Discovering Justice’s Mock Trial & Mock Appeal Program is available to middle schools (grade 6-8) throughout Massachusetts. To find out more about organizing a team for your school, contact Mock Trial & Mock Appeal Program Manager Kiley Hartman at

Both the Mock Trial Program and the Mock Appeal Program are designed for middle school students in 6th, 7th, and 8th grade. The Mock Appeal Program is slightly more academically rigorous than the Mock Trial Program and is better suited for 7th and 8th graders.

There are no prerequisites to participate in either program. Although there is continuity between the Fall Mock Trial Program and the Spring Mock Appeal as they use the same case, both programs are designed to be engaging and inclusive for all students regardless of whether or not they have participated in our programs before.

The Mock Trial Program runs for ten weeks during the fall school semester, typically beginning in September and ending after Thanksgiving, with culminating trial events occuring in December.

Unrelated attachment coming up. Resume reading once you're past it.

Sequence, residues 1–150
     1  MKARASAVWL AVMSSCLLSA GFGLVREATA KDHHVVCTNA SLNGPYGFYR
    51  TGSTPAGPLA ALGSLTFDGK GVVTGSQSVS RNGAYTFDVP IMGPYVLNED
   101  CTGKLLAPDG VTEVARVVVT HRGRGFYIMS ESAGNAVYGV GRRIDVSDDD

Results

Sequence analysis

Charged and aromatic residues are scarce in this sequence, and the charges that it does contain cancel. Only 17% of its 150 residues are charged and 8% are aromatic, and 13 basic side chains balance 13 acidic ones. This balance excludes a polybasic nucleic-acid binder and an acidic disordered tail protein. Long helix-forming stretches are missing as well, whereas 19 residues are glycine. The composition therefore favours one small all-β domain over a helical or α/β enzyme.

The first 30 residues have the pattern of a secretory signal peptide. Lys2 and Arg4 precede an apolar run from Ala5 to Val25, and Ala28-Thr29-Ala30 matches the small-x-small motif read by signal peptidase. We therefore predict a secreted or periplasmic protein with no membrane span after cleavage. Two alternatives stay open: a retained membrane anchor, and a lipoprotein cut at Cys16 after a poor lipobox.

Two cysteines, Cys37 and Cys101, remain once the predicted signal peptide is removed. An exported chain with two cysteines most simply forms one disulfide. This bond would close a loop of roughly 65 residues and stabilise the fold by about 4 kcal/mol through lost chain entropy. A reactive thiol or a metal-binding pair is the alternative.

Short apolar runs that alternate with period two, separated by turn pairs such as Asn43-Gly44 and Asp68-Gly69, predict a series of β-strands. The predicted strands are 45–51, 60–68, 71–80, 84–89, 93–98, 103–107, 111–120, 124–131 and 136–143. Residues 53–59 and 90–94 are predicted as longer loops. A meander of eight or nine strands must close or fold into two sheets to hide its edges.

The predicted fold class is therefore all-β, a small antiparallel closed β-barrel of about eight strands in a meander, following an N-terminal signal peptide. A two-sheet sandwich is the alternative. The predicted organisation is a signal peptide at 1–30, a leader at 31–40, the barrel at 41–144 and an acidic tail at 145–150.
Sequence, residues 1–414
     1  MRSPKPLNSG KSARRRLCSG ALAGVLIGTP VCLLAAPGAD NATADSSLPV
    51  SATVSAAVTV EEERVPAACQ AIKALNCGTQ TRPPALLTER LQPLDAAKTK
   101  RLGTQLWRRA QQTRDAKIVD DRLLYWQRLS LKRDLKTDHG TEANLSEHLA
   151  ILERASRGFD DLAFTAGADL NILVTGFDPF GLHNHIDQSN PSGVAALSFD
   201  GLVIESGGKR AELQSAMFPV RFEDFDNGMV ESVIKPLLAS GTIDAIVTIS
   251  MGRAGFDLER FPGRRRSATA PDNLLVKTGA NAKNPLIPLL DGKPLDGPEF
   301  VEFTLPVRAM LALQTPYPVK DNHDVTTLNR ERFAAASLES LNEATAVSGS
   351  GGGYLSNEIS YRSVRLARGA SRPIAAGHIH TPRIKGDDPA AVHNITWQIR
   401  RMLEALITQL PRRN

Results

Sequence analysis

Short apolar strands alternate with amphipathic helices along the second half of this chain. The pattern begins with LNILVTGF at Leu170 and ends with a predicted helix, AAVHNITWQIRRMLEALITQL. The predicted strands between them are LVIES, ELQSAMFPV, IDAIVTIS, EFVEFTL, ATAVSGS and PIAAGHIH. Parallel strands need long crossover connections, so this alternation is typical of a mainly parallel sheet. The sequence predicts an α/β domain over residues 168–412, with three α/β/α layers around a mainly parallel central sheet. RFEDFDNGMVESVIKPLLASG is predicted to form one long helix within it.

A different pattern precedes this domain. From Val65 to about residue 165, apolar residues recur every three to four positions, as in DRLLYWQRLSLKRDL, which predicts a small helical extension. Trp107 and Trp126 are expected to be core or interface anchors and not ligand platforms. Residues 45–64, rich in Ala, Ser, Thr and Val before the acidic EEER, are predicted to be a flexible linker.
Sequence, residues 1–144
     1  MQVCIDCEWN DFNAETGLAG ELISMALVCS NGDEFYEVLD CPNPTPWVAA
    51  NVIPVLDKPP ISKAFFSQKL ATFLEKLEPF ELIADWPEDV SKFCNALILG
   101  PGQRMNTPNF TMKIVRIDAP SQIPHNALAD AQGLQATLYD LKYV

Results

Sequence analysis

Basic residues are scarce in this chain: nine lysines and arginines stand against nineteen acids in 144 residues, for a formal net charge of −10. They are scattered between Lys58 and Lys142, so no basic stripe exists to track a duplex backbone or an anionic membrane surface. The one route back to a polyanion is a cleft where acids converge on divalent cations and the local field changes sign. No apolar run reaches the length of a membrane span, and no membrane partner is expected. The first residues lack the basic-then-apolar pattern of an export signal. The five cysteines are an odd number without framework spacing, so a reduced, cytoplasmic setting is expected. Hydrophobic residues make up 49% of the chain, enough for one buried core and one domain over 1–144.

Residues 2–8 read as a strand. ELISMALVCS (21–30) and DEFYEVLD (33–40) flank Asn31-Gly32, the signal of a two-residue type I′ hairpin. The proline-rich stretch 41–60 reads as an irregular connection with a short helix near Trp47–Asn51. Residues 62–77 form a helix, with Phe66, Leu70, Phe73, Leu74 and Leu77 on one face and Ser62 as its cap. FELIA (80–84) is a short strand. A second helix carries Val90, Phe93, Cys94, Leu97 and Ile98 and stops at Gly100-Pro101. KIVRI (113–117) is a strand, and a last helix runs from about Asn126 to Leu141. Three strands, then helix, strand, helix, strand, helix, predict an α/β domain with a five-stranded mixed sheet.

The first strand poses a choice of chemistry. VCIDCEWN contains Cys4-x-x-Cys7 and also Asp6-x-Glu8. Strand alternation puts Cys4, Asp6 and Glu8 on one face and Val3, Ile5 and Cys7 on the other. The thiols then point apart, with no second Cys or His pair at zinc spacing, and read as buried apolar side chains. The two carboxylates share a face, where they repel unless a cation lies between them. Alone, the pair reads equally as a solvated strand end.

The Mock Appeal Program runs for eleven weeks during the spring school semester, starting in March and ending in late May or early June. Throughout both programs, 90 minute sessions are conducted on a weekly basis as teams prepare to argue their cases before a judge and jury or, for the Appeal, in front of a panel of three volunteer judges.

Sessions happen once a week after school. The time of the 90 minute session depends on the preferences of the school and volunteers. Students should participate in every session and attend the final event.
Teacher Coordinators are required to attend an orientation at the beginning of the semester, attend every session, and be present and help coordinate the final event. While they do not facilitate the sessions, teacher coordinators are required to be active participants in coordinating logistics, communicating with parents and the school, and supporting legal mentors when necessary.

For Legal Mentors

For more information about volunteer opportunities, please visit the Legal Mentors page, or reach out to Mock Trial & Mock Appeal Program Manager Kiley Hartman at